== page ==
The binary star merger event GW170817, which took place in a galaxy 130 million light years away, produced a jet expanding at nearly light speed, according to new measurements from a global network of radio telescopes. The collision emitted gravitational waves and electromagnetic radiation that was detected on Earth in August 2017.
Although initial measurements of the emission suggested that the radiation was produced by a kilonova, a radioactive-decay-powered emission coming from the ejected material before and after the emission, follow-up measurements detected X-ray and radio emissions that continued to be observed for several months. This “afterglow” of the merger, as it has been interpreted, suggest the expanding ejected material interacted with surrounding interstellar gas.
The way this emission was created is not very well understood because of the low resolution of previous data, which prevented researchers from determining the size of the source.
The team reporting its work in Science, has now used an array of 32 radiotelescopes (spread over five continents) to observe the radio afterglow 207.4 days after the merger. Using Very Long Baseline Interferometry (VLBI), the scientists combined data from all the telescopes to constrain the source’s angular size.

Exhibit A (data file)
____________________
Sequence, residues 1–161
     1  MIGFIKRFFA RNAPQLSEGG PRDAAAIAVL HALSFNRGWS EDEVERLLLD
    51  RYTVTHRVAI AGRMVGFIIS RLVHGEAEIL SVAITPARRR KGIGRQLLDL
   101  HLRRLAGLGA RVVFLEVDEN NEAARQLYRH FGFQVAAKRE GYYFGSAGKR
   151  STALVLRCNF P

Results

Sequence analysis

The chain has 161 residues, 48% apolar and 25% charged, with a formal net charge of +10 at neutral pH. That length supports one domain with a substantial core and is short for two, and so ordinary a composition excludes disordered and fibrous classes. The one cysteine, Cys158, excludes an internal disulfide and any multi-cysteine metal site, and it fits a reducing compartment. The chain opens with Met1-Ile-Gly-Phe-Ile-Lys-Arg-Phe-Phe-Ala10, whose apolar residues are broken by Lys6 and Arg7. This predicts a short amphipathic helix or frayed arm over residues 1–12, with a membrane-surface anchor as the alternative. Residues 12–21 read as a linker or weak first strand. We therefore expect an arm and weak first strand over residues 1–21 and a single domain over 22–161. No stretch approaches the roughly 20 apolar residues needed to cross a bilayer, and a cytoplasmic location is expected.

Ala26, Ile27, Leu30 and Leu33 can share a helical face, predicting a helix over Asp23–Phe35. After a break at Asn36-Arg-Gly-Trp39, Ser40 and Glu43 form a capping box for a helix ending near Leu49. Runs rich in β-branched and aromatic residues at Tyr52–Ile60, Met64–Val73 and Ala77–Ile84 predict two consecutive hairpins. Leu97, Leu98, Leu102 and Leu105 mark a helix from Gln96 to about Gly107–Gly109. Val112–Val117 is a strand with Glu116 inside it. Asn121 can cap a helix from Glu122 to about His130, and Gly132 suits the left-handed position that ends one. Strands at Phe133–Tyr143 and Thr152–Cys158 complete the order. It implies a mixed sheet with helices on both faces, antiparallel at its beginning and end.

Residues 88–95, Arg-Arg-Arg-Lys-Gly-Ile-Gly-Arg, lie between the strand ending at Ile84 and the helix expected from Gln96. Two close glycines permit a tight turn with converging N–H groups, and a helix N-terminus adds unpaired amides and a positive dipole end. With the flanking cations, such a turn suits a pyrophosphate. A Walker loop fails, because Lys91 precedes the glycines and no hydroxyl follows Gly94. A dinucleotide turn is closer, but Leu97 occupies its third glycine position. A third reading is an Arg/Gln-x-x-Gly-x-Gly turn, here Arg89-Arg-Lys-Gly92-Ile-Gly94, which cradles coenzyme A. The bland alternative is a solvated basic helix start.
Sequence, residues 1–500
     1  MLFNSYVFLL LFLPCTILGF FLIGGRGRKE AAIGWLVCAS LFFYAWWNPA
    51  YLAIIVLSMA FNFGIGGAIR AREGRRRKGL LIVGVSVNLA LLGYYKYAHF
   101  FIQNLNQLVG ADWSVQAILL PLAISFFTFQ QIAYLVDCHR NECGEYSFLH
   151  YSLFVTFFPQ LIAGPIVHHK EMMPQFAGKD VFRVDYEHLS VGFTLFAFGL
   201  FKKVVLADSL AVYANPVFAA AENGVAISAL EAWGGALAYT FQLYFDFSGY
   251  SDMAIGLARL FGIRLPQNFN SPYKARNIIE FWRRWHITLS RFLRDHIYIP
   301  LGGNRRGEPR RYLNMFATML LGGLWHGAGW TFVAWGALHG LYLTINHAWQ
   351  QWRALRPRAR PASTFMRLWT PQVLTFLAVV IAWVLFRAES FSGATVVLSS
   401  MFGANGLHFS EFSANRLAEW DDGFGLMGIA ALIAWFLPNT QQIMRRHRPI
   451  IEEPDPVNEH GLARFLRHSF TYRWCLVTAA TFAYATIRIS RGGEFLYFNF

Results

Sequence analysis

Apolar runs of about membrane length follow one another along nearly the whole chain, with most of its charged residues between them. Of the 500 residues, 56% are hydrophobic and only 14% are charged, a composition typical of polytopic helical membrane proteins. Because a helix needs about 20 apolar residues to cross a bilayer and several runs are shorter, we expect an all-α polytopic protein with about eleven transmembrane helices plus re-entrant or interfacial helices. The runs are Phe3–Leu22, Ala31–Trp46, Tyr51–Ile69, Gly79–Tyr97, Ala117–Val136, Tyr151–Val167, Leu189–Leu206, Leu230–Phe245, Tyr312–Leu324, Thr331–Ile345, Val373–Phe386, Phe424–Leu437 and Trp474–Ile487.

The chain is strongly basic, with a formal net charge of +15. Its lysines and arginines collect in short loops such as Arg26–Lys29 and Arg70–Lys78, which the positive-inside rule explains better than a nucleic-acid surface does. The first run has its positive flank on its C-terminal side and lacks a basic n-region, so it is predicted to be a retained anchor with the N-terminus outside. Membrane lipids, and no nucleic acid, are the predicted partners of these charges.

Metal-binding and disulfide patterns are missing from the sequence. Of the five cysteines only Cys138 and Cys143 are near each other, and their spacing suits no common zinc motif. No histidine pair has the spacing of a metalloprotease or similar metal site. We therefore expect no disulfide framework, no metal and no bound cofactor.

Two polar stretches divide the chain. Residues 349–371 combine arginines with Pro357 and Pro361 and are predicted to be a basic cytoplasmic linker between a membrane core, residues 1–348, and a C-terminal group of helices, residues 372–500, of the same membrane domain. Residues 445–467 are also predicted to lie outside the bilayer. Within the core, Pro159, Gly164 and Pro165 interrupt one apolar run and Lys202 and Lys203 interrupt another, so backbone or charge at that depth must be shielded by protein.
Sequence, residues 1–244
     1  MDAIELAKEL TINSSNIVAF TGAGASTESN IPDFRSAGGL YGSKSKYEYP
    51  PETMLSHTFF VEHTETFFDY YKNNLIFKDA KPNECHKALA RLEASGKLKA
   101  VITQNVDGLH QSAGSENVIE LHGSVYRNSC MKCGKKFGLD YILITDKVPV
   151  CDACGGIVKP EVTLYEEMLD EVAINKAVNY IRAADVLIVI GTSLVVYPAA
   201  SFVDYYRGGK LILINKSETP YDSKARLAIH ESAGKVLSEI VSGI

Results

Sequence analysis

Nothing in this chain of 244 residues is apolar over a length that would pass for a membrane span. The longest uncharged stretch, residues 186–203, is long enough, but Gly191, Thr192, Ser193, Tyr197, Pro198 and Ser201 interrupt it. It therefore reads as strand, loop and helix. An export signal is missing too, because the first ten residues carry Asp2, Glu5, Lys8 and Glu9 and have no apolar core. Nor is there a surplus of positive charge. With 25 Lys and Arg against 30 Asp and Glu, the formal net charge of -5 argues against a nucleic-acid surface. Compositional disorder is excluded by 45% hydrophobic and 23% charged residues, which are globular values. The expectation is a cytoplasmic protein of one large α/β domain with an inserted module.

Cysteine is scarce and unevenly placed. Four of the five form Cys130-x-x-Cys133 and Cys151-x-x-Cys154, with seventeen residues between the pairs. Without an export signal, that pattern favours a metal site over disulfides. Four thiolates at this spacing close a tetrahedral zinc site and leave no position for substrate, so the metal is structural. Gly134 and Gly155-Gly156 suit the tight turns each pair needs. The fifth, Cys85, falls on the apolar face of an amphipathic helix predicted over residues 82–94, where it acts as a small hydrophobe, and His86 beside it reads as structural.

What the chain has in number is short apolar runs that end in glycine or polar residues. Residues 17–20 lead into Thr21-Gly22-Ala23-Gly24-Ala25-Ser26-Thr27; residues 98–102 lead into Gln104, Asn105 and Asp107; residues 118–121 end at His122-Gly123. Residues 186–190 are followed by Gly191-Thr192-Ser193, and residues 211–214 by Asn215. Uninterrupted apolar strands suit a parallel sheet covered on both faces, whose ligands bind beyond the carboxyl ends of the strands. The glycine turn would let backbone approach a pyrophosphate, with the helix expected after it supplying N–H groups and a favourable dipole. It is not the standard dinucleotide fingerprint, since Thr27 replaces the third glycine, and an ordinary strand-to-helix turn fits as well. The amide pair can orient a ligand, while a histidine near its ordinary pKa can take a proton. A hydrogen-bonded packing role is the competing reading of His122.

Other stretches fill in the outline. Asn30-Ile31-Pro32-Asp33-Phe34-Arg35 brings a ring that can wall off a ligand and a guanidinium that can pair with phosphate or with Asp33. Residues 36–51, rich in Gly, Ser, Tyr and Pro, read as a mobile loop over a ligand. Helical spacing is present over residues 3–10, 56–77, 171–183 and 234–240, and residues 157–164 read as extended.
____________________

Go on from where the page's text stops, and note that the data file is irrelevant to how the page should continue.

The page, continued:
The results indicate that GW170817 produced a structured jet that was able to punch through the merger’s surrounding ejecta into interstellar space and beyond.
The French laboratories involved in this research are: The Laboratoire Univers et Particules de Montpellier, Universitè de Montpellier, Centre National de la Recherche Scientifique/Institute National de Physique Nucleaire et Physique des Particules (CNRS/IN2P3); AstroParticule et Cosmologie (APC), Université Paris Diderot, CNRS/IN2P3, Commissariat à l’Énergie Atomique et aux Énergies Alternatives/ Institute for Research on the Fundamental Laws of the Universe (CEA/IRFU), Observatoire de Paris, Sorbonne Paris Cité; Galaxies, Etoiles, Physique et Instrumentation (GEPI) Observatoire de Paris, CNRS UMR 8111;
Reference: Compact radio emission indicates a structured jet was produced by a binary neutron star merger,” by G. Ghirlanda et al., Science DOI: 10.1126/science.aau8815